But their profit rates–total revenues from selling all the petroleum and gas products to customers divided by their total dollar outlays in a given year–would be unchanged. It’s when profit rates rise that we know oil companies are gouging the public. It’s then that we know selling prices are outpacing underlying costs of production, including the volatile costs of crude oil and gas. This is also strongly associated with market pricing power, what economists call monopoly or oligopoly power. (The corporations that dominate the U.S. and world economies have significant pricing power at their disposal which, by the way, explains much of the acceleration of inflation in the past two years.)

    If the war in the Ukraine is the actual source of the rise in petroleum prices and therefore gasoline prices, why would we accept and legitimize an increase in the profit rates–as opposed to total profits–of energy companies like Chevron? If refiners were content to produce and sell gas and petroleum products at, say, a 10% profit rate prior to the Russian invasion of the Ukraine, how can anyone argue that they need a 20% profit rate to induce them to sell those same products to the public after the Russian invasion? Why should oil companies be allowed to charge prices that earn them a higher than normal profit rate at a time of crisis? Aren’t we all in this crisis together? Windfall taxes–and wealth taxes–are therefore completely in order here.

    The libertarian backlash bots who argue against taxing big oil are selling a load of worthless ideological blather. They’ll have to lower the price of that crap in line with its value if they ever expect to sell their accumulated inventories.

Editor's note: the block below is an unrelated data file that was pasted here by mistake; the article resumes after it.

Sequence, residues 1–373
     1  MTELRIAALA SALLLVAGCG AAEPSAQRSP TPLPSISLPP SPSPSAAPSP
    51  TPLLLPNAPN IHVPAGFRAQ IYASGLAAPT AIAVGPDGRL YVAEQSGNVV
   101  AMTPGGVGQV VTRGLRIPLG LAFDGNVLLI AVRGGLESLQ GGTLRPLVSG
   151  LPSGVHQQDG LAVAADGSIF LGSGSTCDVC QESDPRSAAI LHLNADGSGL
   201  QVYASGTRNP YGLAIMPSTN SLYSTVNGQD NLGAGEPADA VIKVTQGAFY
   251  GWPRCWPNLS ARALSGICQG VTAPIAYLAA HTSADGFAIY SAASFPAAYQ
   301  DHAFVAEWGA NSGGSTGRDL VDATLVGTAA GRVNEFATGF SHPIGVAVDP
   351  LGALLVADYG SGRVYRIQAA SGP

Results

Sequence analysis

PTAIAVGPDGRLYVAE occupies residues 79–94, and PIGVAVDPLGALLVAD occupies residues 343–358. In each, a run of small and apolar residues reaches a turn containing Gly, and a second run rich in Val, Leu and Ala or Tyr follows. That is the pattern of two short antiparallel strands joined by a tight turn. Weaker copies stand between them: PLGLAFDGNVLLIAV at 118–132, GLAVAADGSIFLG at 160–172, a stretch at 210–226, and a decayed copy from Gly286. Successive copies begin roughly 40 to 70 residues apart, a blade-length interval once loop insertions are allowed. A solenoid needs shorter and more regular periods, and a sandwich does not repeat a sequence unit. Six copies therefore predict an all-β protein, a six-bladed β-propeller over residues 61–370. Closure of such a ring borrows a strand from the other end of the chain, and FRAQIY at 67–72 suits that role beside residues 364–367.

5. Don’t call Ecolast an economist – more leftist prattle, and high school math, in long form it seems.
    An entire short story based on economic stasis and stagnancy, as if everything boils down to matching the lowest performing period or person, rewarding failure, versus actual work and effort of raising performance and or production.

    Another utopia seeking novice fleeing wastelands destroyed by social-ism to further destruction abroad.
    These clowns yell “More Government Intervention” or just put government in charge –
    it works so well when rubber hits the road, just like in once Oil King Venezuela –
    now another social-ist nightmare.

    “Gasoline queues return in Venezuela as refineries fail to produce” (Reuters, December 9th, 2022)
    – Long lines for motorists at Venezuela’s refueling stations are back due to repeated outages at state oil company PDVSA’s refineries and a lack of diesel and gasoline imports.

    – In 2020 and again in 2021, drivers had to line up for days to get gasoline and farmers halted work because of insufficient diesel.
    The shortages had eased earlier this year as imports of Iranian crude boosted refinery output.

    – Though global prices have risen this year,
    Venezuela’s production is lower, a result of continued divestment, mismanagement and sanctions.

    – Venezuela is planning on oil to finance 63% of its budget for 2023, the stronger reliance on oil comes as the U.S. gov­ernment’s revises its sanctions.

    – On Dec. 2, U.S.-based oil major Chevron signed contracts with Venezuelan Oil Minister Tareck El Aissami and representatives of PDVSA.

  6. Indeed, some people’s understanding of basic economics (self proclaimed educated people at that) is appalling. Theorizing and imagining how to do things from behind a keyboard is one thing, getting out and trying to actually do them in real life can be an entirely different thing.

    Hence Newsom is an idiot.